Religious protesters hold up signs during Pope’s Francis’ interfaith service to implore onlookers to go home and repent. Photo By Alex Zuccaro
Hundreds of New Yorkers gathered around the 9/11 Memorial today, hoping to get a glimpse of Pope Francis entering the site for an interfaith service with the families of the victims of the September 11 attack. But among the swarm of Pope Francis fans, were several groups of protesters and religious enthusiasts, attempting to persuade the onlookers to “go home and repent.”
The protesters passed around flyers featuring lists of biblical quotes and wore t-shirts that read “You Repent” and “Fear God” printed on them. They shouted into their megaphones at the people passing by, imploring visitors to divert their attention from the pope’s activities and focus on the “truths” of God.
“Jesus Christ died for sinners, not Mary, not Pope Francis, not Pope Benedict, not any priest,” said protestor Don Karns. “A lot of Roman Catholics come out here today. To even be a mile near him they come here and stand in line. But it gives us an opportunity to share the truth.”
One of the big concerns among the protesters was that the pope’s visit would deflect from the word of God that is taught in the Bible. They believed that all of the excitement around the weekend’s events was just a big distraction.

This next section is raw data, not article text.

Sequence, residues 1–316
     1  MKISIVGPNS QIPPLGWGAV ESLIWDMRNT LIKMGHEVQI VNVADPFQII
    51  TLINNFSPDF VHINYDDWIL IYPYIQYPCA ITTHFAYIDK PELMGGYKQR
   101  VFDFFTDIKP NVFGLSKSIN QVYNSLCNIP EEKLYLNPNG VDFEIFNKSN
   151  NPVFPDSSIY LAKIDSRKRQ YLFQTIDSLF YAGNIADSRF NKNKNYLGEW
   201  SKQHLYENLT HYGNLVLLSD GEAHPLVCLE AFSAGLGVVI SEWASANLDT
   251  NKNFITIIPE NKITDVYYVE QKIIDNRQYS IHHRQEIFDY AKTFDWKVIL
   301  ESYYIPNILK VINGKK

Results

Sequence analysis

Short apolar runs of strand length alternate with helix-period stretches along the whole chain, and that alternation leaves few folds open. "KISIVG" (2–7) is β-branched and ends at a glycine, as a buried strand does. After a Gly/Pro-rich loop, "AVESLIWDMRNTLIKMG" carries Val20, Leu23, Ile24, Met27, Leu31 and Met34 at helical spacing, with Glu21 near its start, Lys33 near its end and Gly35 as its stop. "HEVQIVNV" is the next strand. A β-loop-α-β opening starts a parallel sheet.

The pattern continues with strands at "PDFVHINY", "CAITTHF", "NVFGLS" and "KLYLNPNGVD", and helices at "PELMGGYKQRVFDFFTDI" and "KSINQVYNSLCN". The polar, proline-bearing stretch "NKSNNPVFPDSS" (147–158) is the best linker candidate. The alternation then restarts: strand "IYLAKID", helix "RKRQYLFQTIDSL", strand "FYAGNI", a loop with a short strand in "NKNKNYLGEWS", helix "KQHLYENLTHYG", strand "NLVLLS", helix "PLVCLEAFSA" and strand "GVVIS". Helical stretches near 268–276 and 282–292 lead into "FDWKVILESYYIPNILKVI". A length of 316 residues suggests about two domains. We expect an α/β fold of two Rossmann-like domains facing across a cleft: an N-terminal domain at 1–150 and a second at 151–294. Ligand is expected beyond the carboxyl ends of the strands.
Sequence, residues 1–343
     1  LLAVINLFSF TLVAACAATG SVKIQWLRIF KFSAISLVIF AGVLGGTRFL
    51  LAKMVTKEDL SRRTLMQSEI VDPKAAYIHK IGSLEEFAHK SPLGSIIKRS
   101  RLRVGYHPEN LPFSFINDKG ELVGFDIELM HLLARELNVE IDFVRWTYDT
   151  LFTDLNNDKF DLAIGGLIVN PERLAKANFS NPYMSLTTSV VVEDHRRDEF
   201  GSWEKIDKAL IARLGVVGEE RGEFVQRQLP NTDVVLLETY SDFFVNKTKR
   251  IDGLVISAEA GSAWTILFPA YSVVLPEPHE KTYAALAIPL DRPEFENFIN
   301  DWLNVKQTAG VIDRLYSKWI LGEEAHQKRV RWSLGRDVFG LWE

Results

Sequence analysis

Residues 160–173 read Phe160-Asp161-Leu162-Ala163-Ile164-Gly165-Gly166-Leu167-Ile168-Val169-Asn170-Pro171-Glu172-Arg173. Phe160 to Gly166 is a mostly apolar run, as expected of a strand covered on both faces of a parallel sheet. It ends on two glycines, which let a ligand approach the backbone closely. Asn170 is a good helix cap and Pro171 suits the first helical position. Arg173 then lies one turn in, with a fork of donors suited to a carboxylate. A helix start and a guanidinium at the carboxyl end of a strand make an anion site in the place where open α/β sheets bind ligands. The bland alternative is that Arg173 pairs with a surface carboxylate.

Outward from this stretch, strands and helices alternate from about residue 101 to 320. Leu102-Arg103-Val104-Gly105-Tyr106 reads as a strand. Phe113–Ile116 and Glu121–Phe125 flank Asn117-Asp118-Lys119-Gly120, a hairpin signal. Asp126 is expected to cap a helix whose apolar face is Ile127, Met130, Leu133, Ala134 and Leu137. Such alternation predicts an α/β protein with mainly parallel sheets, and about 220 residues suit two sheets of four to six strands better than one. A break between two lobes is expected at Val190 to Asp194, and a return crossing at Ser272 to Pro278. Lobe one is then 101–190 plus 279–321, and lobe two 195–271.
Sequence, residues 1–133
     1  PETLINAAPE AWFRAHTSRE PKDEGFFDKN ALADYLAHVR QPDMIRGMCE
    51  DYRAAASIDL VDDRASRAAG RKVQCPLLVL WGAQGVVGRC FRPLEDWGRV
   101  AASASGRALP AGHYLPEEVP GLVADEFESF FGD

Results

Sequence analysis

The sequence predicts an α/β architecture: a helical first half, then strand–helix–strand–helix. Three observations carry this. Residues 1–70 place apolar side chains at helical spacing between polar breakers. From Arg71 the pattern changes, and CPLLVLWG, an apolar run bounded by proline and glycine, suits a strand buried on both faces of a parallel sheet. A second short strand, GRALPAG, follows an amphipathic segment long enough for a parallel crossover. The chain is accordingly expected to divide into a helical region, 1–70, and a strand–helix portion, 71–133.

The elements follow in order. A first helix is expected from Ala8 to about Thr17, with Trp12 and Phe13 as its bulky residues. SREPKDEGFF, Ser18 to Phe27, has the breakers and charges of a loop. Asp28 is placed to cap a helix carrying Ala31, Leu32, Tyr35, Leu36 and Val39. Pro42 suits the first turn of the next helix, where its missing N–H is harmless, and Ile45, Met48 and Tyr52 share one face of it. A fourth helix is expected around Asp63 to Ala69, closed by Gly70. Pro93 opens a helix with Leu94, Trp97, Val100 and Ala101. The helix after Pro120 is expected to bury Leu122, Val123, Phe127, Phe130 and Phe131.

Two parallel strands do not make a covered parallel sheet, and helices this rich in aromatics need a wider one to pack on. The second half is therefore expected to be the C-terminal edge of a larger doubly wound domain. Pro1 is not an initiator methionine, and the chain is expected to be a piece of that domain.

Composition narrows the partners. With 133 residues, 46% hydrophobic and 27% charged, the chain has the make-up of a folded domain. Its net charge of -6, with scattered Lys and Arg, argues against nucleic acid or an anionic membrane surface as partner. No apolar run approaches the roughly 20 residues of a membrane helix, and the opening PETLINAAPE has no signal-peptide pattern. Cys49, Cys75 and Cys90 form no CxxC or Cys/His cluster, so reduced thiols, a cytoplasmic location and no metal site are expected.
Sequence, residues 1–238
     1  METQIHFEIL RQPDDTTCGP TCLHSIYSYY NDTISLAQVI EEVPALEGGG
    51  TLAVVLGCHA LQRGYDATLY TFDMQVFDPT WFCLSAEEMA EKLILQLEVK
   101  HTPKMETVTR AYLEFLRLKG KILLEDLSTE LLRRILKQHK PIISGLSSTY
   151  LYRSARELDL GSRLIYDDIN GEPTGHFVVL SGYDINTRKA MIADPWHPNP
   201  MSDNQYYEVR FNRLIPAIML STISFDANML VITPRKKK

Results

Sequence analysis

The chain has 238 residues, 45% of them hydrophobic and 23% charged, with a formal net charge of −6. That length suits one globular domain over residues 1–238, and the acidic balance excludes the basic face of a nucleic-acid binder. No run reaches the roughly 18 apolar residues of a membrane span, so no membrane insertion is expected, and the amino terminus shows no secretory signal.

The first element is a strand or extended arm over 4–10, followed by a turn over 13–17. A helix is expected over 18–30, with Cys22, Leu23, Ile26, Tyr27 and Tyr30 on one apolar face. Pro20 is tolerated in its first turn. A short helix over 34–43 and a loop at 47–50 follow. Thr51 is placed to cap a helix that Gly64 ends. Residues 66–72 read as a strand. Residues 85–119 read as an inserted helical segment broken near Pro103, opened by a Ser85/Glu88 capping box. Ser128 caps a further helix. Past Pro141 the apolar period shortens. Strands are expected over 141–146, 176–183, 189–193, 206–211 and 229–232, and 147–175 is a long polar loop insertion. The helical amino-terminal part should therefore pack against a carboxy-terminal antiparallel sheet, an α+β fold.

The 9/11 Memorial was not the only place where religious protesters were making noise. Groups like the Westboro Baptists were also seen waving their signs in other areas around the city where people were gathering to see the pope.
“God hates fags,” shouted Westboro Baptist leader, Ben Phelps, outside of Madison Square Garden in response to the Pope’s more accepting comments about homosexuality.
But it did not deter thousands of New Yorkers, visitors and tourists, from watching and waiting for the Pope. They waved their yellow and white papal flags and showed off their Pope Francis merchandise, which included t-shirts and buttons with the Pope’s face plastered across the front as well as clever phrases that read “I Love Pope Francis” and “The Pope Gives Me Hope.” Few payed any attention to the shouting protesters.
“These religious people just want a show,” said native New Yorker, Frank Petrino. “They want to make other people realize what they should and shouldn’t be doing.”
Like several other visitors, Petrino was on his lunch break when he decided to head over to the memorial. Being an Italian Roman Catholic, the idea of potentially seeing Pope Francis was an opportunity he did not want to miss, and a few protesters weren’t going to stop him.
“This pope is a very ‘people-person’ and I think he’s making a difference in a lot of people’s lives. I would love to see him,” said Petrino.
Most New Yorkers ignoring the religious rants, but it didn’t deter the protestors from standing on the curbsides for hours and preaching their beliefs, hoping that there might be a few people in the crowds willing to listen to their message.
“We prayed before we came here that somehow God would give them ears to hear and change their heart today,” said Karns.